A team at the University of Nottingham are working with OLIO to create a “food poverty map” via machine learning that could help local authorities target their food support
The UK cannot define hunger in a concrete way – instead, it uses the measurement of food insecurity. Food insecurity is a limited access to food, due to lack of money or other resources. This can range from access to fresh fruit and vegetables, to access to a whole meal. These problems are often conceptualised as belonging to ‘developing’ nations – yet the UK is the fifth richest country in the world.
“Infancy and childhood are critical periods for growth and development, and good nutrition is important to obtain the best outcomes,” said Professor Mary Fewtrell, Nutrition Lead at the Royal College of Paediatrics and Child Health.
According to a 2018 report by the Food and Agriculture Organisation (FAO), four million people across the UK are living in situations of moderate to severe food insecurity. Two years ago, that was the highest reported level in Europe. With the economic impact of the pandemic still rippling across the country, this level is predicted to increase.
June O’Sullivan MBE, CEO of London Early Years Foundation (LEYF), writing for Open Access Government earlier in the week, said:
“As CEO of a childcare social enterprise which operates 39 nurseries across London (many in deprived communities), nurseries across the country are overwhelmed by the sheer demand for free food, clothing and hygiene products from parents badly affected by poverty during the pandemic.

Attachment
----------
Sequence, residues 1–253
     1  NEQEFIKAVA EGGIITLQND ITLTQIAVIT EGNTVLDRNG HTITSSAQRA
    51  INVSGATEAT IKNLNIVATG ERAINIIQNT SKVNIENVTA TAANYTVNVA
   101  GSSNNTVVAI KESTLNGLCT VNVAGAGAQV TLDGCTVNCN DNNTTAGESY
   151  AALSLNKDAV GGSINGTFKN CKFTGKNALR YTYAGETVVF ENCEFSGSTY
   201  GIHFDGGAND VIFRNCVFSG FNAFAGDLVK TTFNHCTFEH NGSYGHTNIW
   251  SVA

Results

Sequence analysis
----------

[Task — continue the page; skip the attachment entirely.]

“Many operators do what they can, but supplies are running short and we are seeing children arrive hungry.”
What could a “food poverty map” do to help hungry children?
Amidst increased demand for food banks during COVID-19, OLIO, the social enterprise and food-sharing app, and N/LAB, a centre for business analytics at the University of Nottingham, are transforming the UK’s ability to combat food insecurity.
OLIO will leverage machine learning and OLIO’s proprietary data to create a ‘Food Poverty Map’, an interactive tool to pinpoint and track areas currently suffering from food insecurity or most likely to fall into food insecurity.
This solves a major problem for councils and local authorities currently fighting food poverty in their area: a lack of up-to-date and representative data. The map uses from OLIO’s real-time, anonymised data – enabling government bodies to predict, measure and proactively help those who are forced to skip meals or suffering from limited access to nutritious food.
OLIO and N/LAB will kick off Phase I of the project by building a proof-of-concept dashboard, funded through a £47,000 grant from Innovate UK, the UK’s innovation agency. This will be designed in conjunction with the London Borough of Havering, identifying specific requirements to address and prevent food poverty.
Councillor Damian White, Leader of Havering Council, said: “Havering did an amazing job through lockdown to help respond to the Covid-19 crisis and protect our residents, supported throughout by all our incredible volunteers and the foodbanks, in particular.”
“The ability for local authorities to have access to real-time data concerning food poverty in communities would be very helpful.”
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